CASTING her shadowy eyes skyward, tilting her head back, and looking like a martyr in an El Greco painting, she would assume a theatrical pose. Next, slowly crossing her arms, right hand covered the left jowl, left hand covered the right jowl. Then, the voice; a deep sigh, developing into the low gurgle that managed somehow to become a high C. Quickly dropping down to base tones, Aunt Ada would announce, ``Ahh, la plume de ma tante.'' ``La plume de ma tante'' was for my benefit. It was all the French I knew 50 years ago. It is still all the French I know. The ``Ahh'' sighed itself into the gurgled ``La plume,'' which rose to that dulcet ``de ma tante.'' And with this she was off once again with a repeat command performance of her classic, brilliant, not too kind, impersonation of Sarah Bernhardt.
Now, if Sarah Bernhardt is not exactly a household word around your house these days, any neighbor of a hundred-and-ten will tell you that she was once upon a time the greatest actress in the world. The world of the 19th century, with her farewell tours wandering well into the 20th. Greatness is controversial, but I go by Sarah's opinion. Anyone would tremble to contradict that enduring lady.
This picturesque little French megastar with the fuzzy red (most of the time) hair, her face a mask of rice powder, her voice a challenge to poets good and bad, was active on the stage for over 60 years, playing more than 90 parts before footlights that went from gas to electricity, flowers drowning the stages for her curtain calls.
She was Camille long before Garbo, she was Lady Macbeth, she was Hamlet, she was various faraway princesses, she was Phaedra, Cleopatra, and the original Tosca.
The applause and the flowers and the adoration came from everyone from Queen Victoria to Victor Hugo, to crowned heads of Europe to American cowboys and Indians. Her devoted followers included the painters, writers (Proust was one), and composers of the time. She was a fabulous beauty in a fabulous age, as important to Paris as the Eiffel Tower. For the Belle 'Epoque, for the fin de si`ecle in France, she was a force of nature tempered by civilized achievement built on discipline. She could outrehearse and outshout anyone on stage. She could memorize at a glance, she earned and lost fortunes, she was the artiste supreme - she was maddening.
By now Aunt Ada's hands would accompany the husky words flutteringly, like frightened butterflies. She moved about a bit in a sort of waltz step, aided by years of dancing the Charleston.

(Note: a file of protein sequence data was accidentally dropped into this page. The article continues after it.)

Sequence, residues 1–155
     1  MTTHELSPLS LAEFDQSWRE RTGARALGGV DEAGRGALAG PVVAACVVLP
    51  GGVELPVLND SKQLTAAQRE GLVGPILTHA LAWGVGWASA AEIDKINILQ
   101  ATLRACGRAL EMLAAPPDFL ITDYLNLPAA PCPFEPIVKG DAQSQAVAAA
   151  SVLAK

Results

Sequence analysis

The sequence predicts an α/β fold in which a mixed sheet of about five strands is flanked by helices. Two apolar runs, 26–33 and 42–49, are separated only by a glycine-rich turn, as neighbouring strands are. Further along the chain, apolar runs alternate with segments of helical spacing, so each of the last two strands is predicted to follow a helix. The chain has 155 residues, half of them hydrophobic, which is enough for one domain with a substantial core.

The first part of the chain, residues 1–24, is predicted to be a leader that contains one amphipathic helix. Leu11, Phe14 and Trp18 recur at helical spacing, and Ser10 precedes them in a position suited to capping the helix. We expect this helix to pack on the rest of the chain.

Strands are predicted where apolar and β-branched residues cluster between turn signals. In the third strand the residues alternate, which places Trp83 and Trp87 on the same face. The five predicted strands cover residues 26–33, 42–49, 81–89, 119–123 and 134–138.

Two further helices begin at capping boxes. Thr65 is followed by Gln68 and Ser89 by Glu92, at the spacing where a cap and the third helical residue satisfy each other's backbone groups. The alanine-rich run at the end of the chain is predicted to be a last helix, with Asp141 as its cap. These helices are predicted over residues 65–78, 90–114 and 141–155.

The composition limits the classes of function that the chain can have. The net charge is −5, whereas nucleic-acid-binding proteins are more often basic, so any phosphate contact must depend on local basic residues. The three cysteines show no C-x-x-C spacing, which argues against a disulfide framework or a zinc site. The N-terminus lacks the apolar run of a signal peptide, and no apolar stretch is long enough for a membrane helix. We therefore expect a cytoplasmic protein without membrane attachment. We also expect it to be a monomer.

It was around about the 45th year of Mme. Sarah's reign that she condescended to make a movie. The great silent star Lillian Gish tells how stage people looked down on the new movies. Indeed, La Bernhardt called them ``absurd photographic pantomimes.'' Naturally enough, she knew she could do better, and she was the first big star to make a ``cinematograph.'' We are talking history here, old-fashioned movie history, circa 1912.
Ada Isabella had been in France getting polished at a finishing school. Truth to tell, Ada Isabella didn't finish much. She got homesick for Wyoming. Well, homesick for a handsome young ranch hand in Wyoming who became my Uncle Wayne. Aunt Ada did not dawdle long over French verbs. The head of her school knew somebody and that somebody knew somebody, and that's how faithful fan Ada Isabella got to visit the set where Sarah Bernhardt was making a film about Queen Elizabeth I.
Silent films may be silent to look at, but the sets were noisy places. Hammering and sawing were going on behind the backdrop painted to resemble the Tower of London. Loud directions were given the cast during the action, with Madame's still commanding voice leading the scene having to do with a courtier arriving with what looked like very bad news, indeed. Madame stopped in mid-speech to complain, so an underling (they had them in those days) was sent to murder whoever was doing the sawing. This rallied the star, who knew who she was, and as she imposed her art, even the cameraman, cranking furiously, became respectful.
Someone gave Ada Isabella a bit of film as a souvenir. Just a bit of blank negative, but she had saved it, and showed it to Uncle Wayne.
As Aunt Ada's performance warmed closer to her memory of Bernhardt, she sopranoed into a tragic recitation of ``Aux Armes, citoyens'' from ``The Marseillaise.'' The gurgles, sighs, and the rasping resonance roared toward that essential of French tragic acting, the tirade - that grand culmination, designed to leave audiences helpless. Sarah had had it down pat.
Last, the Bernhardt bow. Not a bow, really. Sarah had stood quietly before the applause, her arms thrusting forward in magnificent supplication. It brought the house down, my house down. It was Mme. Sarah and Aunt Ada and footlights and flowers - and I always stood and clapped and clapped.